technologies of time


forthcoming in J. Olsson, ed., Visions of Modernity (working title) (Berkeley: University of California Press)

William Uricchio


The motion picture medium during its first few decades offers a vivid instance of a 19th-century technology which simultaneously gave form to and was shaped by the conceptions of space, time, and event which defined the culture of modernity. Whether we invoke modernity in Baudelaire's sense of the transitory, the fugitive, and the contingent, or in the sense of the mass reproduction attendant to modern industrial production, the film medium has been emblematic. Not surprisingly, these two very different senses of modernity infuse our understanding of the medium’s early years, linking the physiological studies undertaken by Muybridge and Marey, the motion analysis studies by Frank and Lillian Gilbreth, and the fragmentary and relativistic notions of space and temporality celebrated in the cinematic and meta-cinematic work of Leger, Duchamp, Pirandello, and commodified for a mass public by the pantheon of early film directors. However, despite its embeddedness in the fabric of modernity, and despite its frequent invocation as an analogue for the modern, the cinema’s relationship to modernity is not unproblematic. In the pages ahead, I shall address some of its complications, especially as they relate to the historical conception of moving image media. By reconsidering the horizon of expectations which greeted the appearance of the film medium, I hope to problematize aspects of the fin de siecle notion of mediality and pursue some of the implications both for the definition and reception of early film and electronic media, issues which resonate with the development of contemporary ‘new’ media technologies.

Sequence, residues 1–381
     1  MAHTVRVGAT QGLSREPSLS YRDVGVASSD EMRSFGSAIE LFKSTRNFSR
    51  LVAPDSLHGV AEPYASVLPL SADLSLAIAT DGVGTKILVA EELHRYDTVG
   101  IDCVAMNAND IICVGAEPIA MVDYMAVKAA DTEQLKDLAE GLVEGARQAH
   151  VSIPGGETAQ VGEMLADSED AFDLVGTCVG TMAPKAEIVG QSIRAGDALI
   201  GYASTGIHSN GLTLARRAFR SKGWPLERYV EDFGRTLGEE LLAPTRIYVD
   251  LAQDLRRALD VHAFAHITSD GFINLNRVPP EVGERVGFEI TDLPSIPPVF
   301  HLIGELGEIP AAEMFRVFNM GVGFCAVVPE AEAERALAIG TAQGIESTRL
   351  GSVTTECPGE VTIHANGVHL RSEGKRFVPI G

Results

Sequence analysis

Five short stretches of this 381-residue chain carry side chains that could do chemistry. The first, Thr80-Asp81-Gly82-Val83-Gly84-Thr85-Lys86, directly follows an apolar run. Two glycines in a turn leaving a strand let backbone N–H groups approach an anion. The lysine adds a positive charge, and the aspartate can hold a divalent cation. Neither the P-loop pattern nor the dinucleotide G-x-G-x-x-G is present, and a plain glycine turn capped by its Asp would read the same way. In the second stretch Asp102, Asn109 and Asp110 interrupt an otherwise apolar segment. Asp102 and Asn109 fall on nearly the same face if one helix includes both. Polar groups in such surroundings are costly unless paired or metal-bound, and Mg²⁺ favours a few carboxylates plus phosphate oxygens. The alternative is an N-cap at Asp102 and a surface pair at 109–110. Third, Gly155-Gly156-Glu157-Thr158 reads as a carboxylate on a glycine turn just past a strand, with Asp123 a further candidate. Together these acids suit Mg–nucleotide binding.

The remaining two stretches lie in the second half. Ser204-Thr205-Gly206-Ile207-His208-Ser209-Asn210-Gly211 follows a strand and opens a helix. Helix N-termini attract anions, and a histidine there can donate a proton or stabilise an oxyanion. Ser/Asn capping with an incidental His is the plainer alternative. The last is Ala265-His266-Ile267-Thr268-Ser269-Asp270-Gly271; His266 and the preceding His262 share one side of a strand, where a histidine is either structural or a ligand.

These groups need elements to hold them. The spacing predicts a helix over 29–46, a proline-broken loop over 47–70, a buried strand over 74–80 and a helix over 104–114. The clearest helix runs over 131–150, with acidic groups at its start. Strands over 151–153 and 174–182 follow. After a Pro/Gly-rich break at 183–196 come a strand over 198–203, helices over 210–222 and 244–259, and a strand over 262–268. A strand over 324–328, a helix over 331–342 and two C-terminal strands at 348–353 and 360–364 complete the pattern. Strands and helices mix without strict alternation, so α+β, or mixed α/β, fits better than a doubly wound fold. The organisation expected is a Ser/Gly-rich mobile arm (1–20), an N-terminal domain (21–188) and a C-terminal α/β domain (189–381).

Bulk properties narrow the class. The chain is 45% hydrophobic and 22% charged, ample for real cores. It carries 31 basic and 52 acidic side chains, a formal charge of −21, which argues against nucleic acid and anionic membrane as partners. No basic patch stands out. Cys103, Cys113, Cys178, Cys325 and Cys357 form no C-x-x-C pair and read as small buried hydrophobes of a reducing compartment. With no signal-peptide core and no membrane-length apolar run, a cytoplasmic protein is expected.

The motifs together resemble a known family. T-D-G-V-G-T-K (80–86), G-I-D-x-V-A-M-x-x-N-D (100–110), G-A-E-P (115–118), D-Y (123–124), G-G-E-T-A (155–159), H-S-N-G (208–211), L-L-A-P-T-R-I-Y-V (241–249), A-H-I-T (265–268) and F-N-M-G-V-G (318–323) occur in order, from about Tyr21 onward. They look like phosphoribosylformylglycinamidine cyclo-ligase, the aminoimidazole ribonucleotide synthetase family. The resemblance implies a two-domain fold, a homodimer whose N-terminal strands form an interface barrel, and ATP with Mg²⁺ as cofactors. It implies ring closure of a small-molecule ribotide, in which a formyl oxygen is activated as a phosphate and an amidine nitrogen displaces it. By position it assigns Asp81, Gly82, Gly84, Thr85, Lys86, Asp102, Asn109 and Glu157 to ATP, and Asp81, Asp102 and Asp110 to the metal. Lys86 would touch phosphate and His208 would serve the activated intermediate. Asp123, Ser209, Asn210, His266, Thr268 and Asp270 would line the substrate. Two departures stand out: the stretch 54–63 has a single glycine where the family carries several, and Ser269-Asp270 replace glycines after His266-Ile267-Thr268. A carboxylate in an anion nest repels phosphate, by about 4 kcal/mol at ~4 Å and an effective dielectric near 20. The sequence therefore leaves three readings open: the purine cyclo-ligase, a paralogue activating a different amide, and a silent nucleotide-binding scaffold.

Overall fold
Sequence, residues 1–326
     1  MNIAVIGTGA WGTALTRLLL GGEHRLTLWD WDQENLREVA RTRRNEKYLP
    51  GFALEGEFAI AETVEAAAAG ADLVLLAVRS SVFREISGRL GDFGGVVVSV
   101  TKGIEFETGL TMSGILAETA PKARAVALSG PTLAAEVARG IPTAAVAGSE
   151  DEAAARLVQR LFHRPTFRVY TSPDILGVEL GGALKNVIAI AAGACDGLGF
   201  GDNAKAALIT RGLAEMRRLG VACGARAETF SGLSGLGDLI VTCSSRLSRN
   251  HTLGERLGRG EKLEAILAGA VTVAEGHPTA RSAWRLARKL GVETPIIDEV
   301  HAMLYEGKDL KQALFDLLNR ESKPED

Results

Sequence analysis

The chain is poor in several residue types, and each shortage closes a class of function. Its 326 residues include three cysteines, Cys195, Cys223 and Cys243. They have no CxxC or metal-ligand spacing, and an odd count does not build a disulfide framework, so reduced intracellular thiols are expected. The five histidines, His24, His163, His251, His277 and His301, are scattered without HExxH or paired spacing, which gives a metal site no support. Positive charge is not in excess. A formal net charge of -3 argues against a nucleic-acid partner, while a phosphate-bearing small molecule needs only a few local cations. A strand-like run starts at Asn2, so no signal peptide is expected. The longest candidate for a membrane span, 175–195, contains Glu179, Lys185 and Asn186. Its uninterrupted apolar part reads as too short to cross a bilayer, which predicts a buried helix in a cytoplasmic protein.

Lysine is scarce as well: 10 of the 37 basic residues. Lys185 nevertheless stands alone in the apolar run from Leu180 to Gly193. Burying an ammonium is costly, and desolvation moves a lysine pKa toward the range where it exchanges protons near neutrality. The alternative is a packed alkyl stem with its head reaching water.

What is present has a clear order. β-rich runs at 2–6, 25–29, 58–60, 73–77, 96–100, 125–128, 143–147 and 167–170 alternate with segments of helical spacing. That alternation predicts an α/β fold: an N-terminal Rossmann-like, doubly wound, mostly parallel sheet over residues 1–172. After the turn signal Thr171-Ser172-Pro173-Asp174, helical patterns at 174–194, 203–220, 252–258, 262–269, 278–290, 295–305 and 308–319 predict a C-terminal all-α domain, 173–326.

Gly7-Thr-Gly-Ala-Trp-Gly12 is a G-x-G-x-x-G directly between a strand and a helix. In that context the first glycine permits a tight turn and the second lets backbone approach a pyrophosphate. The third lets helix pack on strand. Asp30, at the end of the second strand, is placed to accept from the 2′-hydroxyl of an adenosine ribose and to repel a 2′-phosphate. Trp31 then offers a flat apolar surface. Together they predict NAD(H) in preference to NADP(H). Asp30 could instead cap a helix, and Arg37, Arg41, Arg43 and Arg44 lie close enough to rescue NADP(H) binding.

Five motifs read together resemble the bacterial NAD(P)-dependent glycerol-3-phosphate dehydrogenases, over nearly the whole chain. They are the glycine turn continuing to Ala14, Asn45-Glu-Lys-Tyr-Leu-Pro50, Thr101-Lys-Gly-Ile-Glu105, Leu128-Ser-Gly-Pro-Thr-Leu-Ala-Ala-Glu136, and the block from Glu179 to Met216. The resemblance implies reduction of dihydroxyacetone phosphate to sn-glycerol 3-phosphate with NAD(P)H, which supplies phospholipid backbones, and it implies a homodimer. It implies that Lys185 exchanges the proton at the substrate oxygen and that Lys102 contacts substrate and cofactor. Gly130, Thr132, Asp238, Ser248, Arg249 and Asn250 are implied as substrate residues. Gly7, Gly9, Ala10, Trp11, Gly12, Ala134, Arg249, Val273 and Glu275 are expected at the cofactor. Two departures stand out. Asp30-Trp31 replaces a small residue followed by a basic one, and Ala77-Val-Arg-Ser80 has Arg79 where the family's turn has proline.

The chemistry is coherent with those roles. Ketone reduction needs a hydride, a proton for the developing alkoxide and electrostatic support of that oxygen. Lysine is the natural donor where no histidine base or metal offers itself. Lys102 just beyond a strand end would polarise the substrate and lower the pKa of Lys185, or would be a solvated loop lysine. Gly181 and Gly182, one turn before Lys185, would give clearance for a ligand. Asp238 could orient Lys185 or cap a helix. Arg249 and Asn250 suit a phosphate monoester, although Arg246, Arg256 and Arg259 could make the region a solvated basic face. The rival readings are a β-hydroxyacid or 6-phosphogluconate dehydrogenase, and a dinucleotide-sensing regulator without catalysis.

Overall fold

The film medium’s definition and inscription as a technology and cultural practice, despite the efforts of the post-Brighton conference generation of film historians, has tended to be positioned within a teleologically-oriented notion of technological development. The last two decades of film historical scholarship have successfully broken from teleologically-driven readings of narrative, performance, and other signifying practices. Moreover, some scholars have taken pains to delineate the conditions of reception attendant to the medium’s first audiences. But with a few significant exceptions, such work has tended to be textual in orientation, revealing film studies’ genealogical links to the discourses of literary studies and art history. Significant aspects of film’s status as a medium have thus been marginalized, and among the most significant has been the issue of time.